“Your” is a possessive pronoun. “You’re” is contraction of “You are”, a pronoun and verb. So a sentence might correctly read: “It’s your house now that you’re living in it.”
The problem is that the texting habit and computer-based communication has encouraged the development of a vernacular shorthand, some of which is acceptable because its identity as shorthand is obvious – as in “u” for “you” – and some of which isn’t because it’s leading to the mistaken belief that the shorthand version is correct. “Your” for “You’re” is a perfect example.
OK, so I do know that the English language is not writ in stone. It’s constantly evolving and “correctness” is ultimately established by commonality of use, not the didactic railings of a grammar text book. In the case of your and you’re, however, I think the conservative view has to hold sway, and that the ire I feel when I read “your welcome” is wholly justified. That isn’t because I’m offended by a lack of correctness, but because allowing “your” for “you’re” to become acceptable would be both illogical and replete with the potential for unnecessary confusion. There are times when getting it right is simply right.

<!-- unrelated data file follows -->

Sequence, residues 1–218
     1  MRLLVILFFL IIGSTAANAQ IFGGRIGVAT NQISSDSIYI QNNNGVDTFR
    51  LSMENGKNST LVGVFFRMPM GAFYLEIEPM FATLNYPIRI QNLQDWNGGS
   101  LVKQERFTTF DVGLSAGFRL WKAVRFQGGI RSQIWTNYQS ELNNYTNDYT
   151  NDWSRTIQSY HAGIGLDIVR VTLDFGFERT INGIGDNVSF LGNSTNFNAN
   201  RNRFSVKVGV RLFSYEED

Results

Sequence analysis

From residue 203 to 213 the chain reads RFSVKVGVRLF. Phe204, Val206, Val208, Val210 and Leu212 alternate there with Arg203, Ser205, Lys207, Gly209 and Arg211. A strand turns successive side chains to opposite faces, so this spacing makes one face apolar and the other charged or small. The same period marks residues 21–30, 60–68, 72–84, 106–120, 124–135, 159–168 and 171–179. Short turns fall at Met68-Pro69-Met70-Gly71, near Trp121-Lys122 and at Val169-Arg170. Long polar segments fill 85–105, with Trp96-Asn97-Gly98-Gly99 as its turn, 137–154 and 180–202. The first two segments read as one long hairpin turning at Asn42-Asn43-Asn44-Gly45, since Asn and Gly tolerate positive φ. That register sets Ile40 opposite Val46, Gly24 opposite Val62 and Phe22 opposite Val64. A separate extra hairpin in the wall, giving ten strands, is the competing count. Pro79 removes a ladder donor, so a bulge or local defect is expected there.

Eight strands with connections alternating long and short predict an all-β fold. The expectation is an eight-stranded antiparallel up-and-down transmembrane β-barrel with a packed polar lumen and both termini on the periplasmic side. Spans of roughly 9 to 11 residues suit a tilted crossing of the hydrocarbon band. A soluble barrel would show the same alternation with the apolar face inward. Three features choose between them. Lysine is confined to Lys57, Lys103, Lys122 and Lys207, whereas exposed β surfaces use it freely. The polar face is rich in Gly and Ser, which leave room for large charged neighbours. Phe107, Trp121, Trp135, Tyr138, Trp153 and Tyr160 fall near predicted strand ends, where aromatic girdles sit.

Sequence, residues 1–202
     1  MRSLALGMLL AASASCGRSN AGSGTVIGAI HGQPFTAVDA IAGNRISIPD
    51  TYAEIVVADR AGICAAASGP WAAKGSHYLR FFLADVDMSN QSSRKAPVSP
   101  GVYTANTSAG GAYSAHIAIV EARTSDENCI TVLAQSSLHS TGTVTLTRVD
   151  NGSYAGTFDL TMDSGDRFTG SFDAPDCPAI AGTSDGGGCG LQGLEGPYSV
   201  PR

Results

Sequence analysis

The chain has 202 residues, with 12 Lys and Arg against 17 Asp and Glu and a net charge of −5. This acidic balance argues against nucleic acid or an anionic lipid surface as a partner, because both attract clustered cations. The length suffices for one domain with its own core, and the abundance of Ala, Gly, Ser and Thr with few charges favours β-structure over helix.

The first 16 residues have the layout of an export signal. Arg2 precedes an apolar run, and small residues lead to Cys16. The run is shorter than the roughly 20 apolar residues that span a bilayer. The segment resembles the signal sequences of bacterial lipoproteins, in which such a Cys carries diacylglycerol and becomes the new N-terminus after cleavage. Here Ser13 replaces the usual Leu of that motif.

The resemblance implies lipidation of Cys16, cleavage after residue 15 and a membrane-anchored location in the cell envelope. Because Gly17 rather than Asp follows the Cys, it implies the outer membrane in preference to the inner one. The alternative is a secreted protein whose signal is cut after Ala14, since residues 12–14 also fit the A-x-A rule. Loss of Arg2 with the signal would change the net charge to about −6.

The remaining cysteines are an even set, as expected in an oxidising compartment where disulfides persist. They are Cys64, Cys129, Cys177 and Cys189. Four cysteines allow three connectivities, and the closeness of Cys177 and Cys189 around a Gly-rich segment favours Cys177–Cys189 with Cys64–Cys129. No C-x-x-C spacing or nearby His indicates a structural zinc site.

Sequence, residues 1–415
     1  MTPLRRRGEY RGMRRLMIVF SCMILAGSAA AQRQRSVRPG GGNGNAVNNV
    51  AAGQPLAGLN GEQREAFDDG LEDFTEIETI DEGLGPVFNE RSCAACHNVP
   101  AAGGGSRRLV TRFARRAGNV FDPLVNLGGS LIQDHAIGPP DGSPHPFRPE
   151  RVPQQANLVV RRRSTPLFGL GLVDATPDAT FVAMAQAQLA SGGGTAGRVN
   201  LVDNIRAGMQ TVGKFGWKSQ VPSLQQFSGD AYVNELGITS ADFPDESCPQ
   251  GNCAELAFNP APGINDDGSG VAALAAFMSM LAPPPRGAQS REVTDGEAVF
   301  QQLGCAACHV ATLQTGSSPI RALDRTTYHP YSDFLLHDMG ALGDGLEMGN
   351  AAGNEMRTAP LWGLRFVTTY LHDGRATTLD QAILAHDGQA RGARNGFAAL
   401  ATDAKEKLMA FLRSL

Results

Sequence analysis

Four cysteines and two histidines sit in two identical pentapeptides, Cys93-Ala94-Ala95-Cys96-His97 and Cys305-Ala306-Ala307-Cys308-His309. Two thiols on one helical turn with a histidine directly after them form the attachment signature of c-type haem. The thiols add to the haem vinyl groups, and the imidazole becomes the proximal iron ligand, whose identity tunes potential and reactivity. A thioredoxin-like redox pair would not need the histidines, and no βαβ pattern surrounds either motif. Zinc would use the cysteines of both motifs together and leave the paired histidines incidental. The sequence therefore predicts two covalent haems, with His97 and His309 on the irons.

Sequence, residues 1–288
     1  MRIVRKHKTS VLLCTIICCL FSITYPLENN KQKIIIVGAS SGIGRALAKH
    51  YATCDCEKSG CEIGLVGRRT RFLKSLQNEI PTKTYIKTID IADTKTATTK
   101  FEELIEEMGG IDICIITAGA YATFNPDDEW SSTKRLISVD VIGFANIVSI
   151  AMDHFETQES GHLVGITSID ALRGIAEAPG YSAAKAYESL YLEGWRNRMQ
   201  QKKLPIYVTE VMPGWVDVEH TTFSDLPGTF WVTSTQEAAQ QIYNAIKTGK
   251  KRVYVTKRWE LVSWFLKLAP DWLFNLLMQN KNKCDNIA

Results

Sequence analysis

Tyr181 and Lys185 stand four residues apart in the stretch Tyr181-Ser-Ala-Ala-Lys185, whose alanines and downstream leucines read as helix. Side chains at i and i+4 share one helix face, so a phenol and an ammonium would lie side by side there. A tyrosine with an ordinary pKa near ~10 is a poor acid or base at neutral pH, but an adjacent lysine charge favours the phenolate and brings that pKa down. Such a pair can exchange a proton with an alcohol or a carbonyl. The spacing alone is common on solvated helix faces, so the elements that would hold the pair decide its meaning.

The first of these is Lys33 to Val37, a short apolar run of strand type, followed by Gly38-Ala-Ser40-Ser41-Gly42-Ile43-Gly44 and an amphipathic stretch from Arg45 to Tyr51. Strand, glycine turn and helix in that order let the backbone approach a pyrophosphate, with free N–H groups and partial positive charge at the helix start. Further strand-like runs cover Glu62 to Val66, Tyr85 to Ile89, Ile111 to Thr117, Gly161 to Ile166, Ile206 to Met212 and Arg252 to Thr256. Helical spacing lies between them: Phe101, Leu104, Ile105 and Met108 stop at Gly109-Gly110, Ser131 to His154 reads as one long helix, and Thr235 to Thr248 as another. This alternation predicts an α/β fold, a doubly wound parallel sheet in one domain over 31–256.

(Sorry if this is boring. I seem to be in that kind of mood. And it’s Sunday morning in Sydney, NSW, which happens to matter to me.)